Utah v. Strieff - Oral Argument - February 22, 2016

Utah v. Strieff

Media for Utah v. Strieff

Audio Transcription for Opinion Announcement - June 20, 2016 in Utah v. Strieff

Audio Transcription for Oral Argument - February 22, 2016 in Utah v. Strieff

John G. Roberts, Jr.:

We'll hear argument next in Case 14-1373, Utah v. Strieff. Mr. Green.

Tyler R. Green:

Mr. Chief Justice, and may it please the Court: Courts typically apply the exclusionary rule to suppress unlawfully-seized evidence.

The question here is whether to suppress evidence lawfully seized in a search incident to a warrant arrest because the arresting officer found the warrant in a stop later judged to be unlawful. Under this Court's attenuation analysis, such evidence is admissible when, as here, the predicate stop was not flagrant but resulted from an objectively reasonable miscalculation. Extending the exclusionary rule --

Sonia Sotomayor:

Tell me what was objectively reasonable about it.

Tyler R. Green:

Well, Your Honor --

Sonia Sotomayor:

I mean, the police officer admits that the person he saw coming out of the house in question wasn't doing anything.

He didn't know that he lived there, he didn't know what he had done, if anything.

He didn't even really know that there was drug dealing going on in the house.

He was trying to figure that out.

So what was objectively reasonable about stopping this man?

Tyler R. Green:

Justice Sotomayor, we've admitted that this was a miscalculation, but it was a close call.

If the officer here had stopped the first person coming out of the house after receiving the tip, that would have been objectively unreasonable under this Court's case and decision in Alabama v. White. But this person wasn't the first person he saw come out of the house.

He had received the anonymous tip and then had proceeded to corroborate it through three hours of surveillance and observation over the course of the ensuing week.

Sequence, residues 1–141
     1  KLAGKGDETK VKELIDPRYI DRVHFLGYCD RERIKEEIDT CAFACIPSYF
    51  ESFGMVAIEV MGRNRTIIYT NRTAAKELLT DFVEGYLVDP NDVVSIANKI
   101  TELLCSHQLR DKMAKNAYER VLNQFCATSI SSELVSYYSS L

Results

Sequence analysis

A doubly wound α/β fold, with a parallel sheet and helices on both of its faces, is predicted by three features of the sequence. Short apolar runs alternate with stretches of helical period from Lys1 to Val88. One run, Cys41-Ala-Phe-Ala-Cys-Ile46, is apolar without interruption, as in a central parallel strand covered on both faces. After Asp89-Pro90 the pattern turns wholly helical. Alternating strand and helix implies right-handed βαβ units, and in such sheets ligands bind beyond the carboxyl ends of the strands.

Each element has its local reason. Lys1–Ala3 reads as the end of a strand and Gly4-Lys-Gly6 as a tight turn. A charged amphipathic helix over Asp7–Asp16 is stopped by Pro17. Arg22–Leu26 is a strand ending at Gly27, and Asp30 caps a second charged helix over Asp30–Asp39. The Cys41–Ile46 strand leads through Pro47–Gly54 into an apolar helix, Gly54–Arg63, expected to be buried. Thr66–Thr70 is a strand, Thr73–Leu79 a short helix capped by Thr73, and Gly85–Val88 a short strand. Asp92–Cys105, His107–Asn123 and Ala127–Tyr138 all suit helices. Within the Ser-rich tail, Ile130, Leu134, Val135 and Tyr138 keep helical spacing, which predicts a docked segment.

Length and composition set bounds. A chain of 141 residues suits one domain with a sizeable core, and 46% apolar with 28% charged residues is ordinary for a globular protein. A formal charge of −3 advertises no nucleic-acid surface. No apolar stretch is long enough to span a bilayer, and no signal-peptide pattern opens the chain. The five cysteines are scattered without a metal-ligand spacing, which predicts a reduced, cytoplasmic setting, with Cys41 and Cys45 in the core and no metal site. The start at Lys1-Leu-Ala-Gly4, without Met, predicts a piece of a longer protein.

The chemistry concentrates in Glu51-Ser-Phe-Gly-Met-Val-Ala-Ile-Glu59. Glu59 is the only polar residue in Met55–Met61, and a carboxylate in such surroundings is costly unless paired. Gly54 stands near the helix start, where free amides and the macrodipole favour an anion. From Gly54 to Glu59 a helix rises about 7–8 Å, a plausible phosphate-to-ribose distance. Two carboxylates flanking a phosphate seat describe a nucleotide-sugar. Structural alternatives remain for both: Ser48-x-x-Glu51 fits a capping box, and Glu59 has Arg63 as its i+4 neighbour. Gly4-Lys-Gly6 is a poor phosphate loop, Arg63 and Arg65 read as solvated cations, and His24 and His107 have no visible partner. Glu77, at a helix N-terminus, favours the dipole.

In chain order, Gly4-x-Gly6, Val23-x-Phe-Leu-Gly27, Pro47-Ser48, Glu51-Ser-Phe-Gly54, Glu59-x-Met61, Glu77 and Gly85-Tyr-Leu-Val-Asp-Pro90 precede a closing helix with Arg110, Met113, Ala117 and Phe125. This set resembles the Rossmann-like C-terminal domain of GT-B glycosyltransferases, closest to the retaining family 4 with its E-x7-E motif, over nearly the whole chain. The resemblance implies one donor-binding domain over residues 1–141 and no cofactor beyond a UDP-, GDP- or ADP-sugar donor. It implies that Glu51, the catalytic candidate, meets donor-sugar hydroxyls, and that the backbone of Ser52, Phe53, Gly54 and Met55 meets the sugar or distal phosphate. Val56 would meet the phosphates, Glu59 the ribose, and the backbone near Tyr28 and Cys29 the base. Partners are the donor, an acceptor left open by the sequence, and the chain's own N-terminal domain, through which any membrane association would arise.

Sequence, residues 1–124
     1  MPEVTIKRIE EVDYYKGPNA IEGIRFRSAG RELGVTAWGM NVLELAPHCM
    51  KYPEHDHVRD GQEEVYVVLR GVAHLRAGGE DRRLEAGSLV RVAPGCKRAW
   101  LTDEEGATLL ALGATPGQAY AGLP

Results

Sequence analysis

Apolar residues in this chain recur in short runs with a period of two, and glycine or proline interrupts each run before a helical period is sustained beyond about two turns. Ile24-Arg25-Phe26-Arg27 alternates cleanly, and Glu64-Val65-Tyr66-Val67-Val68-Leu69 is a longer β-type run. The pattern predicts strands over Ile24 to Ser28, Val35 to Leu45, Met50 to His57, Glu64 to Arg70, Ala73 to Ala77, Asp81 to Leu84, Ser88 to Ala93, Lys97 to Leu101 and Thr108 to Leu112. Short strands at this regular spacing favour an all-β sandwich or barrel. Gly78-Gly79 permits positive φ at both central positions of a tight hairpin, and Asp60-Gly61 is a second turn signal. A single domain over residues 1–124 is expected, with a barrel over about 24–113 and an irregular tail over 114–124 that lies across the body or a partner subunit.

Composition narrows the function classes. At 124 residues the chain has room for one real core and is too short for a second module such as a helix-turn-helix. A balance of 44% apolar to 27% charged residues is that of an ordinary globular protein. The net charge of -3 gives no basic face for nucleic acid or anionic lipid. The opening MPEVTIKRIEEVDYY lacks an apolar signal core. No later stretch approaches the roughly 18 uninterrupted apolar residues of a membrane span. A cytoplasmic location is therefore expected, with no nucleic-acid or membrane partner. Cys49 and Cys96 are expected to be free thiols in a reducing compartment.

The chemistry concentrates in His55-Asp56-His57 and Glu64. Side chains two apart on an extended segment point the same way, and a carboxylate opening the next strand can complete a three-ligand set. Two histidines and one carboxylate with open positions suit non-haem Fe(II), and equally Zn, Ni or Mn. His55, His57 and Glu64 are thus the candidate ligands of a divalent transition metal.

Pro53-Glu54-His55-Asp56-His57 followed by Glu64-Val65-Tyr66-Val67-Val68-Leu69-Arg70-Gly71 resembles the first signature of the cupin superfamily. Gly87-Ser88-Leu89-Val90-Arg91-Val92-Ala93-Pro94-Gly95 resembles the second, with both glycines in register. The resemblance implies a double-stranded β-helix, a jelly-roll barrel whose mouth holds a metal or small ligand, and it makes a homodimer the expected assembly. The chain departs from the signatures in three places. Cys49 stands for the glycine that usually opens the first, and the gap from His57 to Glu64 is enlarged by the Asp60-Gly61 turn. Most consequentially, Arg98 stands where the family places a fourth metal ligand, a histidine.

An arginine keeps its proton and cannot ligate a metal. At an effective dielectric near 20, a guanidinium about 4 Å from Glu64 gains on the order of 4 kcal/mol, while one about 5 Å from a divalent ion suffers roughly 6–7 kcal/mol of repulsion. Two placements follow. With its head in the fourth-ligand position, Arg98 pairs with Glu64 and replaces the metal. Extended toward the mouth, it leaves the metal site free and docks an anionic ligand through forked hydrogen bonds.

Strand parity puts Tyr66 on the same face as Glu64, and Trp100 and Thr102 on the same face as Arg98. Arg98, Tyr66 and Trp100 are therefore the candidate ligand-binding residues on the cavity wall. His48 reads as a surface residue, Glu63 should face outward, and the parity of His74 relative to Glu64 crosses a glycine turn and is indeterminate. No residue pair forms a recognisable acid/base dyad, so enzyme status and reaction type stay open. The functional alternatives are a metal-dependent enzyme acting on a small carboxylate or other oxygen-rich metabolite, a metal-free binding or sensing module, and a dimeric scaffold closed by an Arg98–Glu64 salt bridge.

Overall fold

And all of the traffic he saw during those three hours was the same short-stay traffic that was reported in the tip. Based on his training and experience, that activity was consistent with drug --

Sonia Sotomayor:

It would be interesting if he waited to see whether this was also a short-stay visitor.

Tyler R. Green:

I think he would have --

Sonia Sotomayor:

I don't see how this is any different than stopping the first person you see.

Tyler R. Green:

I think, Your Honor, as -- as we've admitted, I think if he had seen it and it were short stay, I think we may well beat the reasonable suspicion, and I think that's why the prosecutor here conceded that it wasn't. But it was a close call based on everything that he had seen to that point.

And in these circumstances, we think that's why -- where the predicate conduct was a result of -- of misconduct that was not --

Sonia Sotomayor:

What's going to stop police officers -- if we announce your rule, and your rule seems to be, once we have your name, if there's a warrant out on you, that's an attenuating circumstance under every circumstance.

What stops us from becoming a police state and just having the police stand on the corner down here and stop every person, ask them for identification, put it through, and if a warrant comes up, searching them?

Tyler R. Green:

I think -- Justice Sotomayor, I think there are two answers to that question.

First, I think that our rule -- an officer can never count, under our rule, on finding a warrant.

So there is no incentive for him to make that stop.

If there's no warrant and the stop is lawful --

Sonia Sotomayor:

If you have a town like Ferguson, where 80 percent of the residents have minor traffic warrants out, there may be a very good incentive for just standing on the street corner in Ferguson and asking every citizen, give me your ID; let me see your name.

And let me hope, because I have an 80 percent chance that you're going to have a warrant.

Tyler R. Green:

I understand, Your Honor.

And that's the second part of my answer, is that officers can't count -- under our rule, a warrant by itself is not sufficient.

There still must be a separate inquiry into whether the predicate stop was flagrant, and an officer can't count in any particular stop on a judge later concluding that the stop --